Clinical features

  • Clinical diagnosis requires fever for at least 5 days and one of the following: [6]
    • ≥ 4 other specific symptoms
    • < 4 specific symptoms and involvement of the coronary arteries
  • Specific symptoms include:
    • Erythema and edema of hands and feet, including the palms and soles (the first week)
    • Possible desquamation of fingertips and toes after 2–3 weeks
    • Polymorphous rash, originating on the trunk
    • Painless bilateral “injected” conjunctivitis without exudate
    • Oropharyngeal mucositis
    • Cervical lymphadenopathy (mostly unilateral)
  • Nonspecific symptoms may precede the onset of Kawasaki disease (e.g., diarrhea, fatigue, abdominal pain)

Always consider Kawasaki disease in small children with a rash and high fever unresponsive to antibiotics.A SHARK is riding a Fast Kawasaki: Strawberry tongue, Hands and feet may show desquamation, Adenopathy, Rash, K(c)onjunctivitis, and Fever for ≥ 5 days. are the most common features of Kawasaki disease.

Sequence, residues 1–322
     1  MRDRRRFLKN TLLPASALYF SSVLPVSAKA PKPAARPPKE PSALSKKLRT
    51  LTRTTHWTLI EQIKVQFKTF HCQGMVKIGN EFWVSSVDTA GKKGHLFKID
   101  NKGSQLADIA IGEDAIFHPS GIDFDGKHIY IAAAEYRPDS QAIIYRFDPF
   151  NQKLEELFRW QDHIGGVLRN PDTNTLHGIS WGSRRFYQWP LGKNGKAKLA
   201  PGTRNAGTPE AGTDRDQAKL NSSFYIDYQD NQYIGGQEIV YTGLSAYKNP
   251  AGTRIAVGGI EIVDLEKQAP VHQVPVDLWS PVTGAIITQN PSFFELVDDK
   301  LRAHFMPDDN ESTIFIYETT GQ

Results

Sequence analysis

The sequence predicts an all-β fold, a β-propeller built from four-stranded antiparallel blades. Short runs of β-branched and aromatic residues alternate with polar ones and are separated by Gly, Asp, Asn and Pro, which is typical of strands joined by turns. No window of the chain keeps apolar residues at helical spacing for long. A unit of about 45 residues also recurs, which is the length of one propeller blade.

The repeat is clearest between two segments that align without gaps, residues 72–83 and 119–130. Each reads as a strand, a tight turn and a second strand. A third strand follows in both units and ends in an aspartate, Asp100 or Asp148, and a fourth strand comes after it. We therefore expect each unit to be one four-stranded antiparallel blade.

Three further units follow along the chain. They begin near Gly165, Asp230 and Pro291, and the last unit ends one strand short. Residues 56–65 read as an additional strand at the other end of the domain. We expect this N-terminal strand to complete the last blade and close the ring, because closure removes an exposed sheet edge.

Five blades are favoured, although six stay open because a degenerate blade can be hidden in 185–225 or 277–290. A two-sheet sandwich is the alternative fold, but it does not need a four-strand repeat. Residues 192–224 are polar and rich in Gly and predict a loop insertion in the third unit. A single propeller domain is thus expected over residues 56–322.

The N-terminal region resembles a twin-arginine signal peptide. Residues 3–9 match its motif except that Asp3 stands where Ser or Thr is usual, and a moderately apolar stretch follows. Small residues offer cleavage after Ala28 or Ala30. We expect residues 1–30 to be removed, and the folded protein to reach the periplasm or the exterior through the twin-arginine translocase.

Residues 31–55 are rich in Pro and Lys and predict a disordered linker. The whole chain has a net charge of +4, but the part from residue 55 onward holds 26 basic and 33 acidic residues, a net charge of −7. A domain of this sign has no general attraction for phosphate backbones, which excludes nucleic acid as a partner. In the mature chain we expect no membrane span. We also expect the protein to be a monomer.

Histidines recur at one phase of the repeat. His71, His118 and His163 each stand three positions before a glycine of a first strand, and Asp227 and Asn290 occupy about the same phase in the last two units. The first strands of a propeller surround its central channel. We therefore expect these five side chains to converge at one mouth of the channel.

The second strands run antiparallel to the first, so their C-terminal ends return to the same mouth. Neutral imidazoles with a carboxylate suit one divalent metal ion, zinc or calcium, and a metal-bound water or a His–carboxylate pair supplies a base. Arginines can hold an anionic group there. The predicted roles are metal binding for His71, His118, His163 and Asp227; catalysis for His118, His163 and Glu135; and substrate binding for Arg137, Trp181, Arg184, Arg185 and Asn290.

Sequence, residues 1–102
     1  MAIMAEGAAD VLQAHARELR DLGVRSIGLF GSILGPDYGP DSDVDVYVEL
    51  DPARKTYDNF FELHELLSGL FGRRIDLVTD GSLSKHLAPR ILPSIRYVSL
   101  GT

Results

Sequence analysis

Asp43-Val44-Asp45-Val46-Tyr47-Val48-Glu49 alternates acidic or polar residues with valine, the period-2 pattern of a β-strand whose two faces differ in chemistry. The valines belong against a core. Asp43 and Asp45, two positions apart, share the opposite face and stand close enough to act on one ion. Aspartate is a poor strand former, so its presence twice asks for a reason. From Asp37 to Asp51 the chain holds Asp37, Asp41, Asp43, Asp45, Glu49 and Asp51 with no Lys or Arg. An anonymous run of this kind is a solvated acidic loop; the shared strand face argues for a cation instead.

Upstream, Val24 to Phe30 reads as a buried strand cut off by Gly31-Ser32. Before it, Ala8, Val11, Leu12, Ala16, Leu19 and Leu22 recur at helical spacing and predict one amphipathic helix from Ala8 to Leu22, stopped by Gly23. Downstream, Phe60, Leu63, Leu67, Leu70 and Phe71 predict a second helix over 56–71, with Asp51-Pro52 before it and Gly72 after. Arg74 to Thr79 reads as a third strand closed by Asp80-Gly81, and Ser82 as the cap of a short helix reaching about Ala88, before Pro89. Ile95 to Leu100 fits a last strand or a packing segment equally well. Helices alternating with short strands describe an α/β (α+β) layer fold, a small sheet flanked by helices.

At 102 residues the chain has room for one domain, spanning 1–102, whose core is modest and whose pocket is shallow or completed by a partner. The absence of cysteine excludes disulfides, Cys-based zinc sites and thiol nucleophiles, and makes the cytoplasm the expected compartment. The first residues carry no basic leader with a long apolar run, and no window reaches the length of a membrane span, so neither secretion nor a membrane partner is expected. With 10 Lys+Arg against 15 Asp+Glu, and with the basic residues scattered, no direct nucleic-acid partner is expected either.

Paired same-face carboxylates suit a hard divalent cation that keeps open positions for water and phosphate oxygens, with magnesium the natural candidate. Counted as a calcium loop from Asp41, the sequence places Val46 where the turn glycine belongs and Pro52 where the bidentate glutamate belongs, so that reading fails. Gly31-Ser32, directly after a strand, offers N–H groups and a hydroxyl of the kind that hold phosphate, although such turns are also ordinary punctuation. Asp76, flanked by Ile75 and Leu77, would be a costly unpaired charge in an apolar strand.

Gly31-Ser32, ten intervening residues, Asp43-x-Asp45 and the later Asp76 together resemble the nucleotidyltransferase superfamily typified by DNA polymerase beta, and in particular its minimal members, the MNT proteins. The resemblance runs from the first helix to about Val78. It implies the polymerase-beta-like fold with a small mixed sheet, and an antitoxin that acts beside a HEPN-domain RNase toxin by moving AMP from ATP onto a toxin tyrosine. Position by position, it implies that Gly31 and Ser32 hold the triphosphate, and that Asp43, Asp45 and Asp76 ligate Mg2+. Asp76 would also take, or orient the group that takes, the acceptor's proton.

Diagnostics

Kawasaki disease is a clinical diagnosis (see “Clinical features” above) which is supported by the following diagnostic findings:

Treatment

  • IV immunoglobulin (IVIG)
    • High single-dose to reduce the risk of coronary artery aneurysms
    • Most effective if given within the first 10 days following disease onset [8]
  • High-dose oral aspirin [9][10]
  • IV glucocorticoids: may be considered in addition to standard treatment, esp. in cases of treatment-refractory disease, as they lower the risk of coronary involvement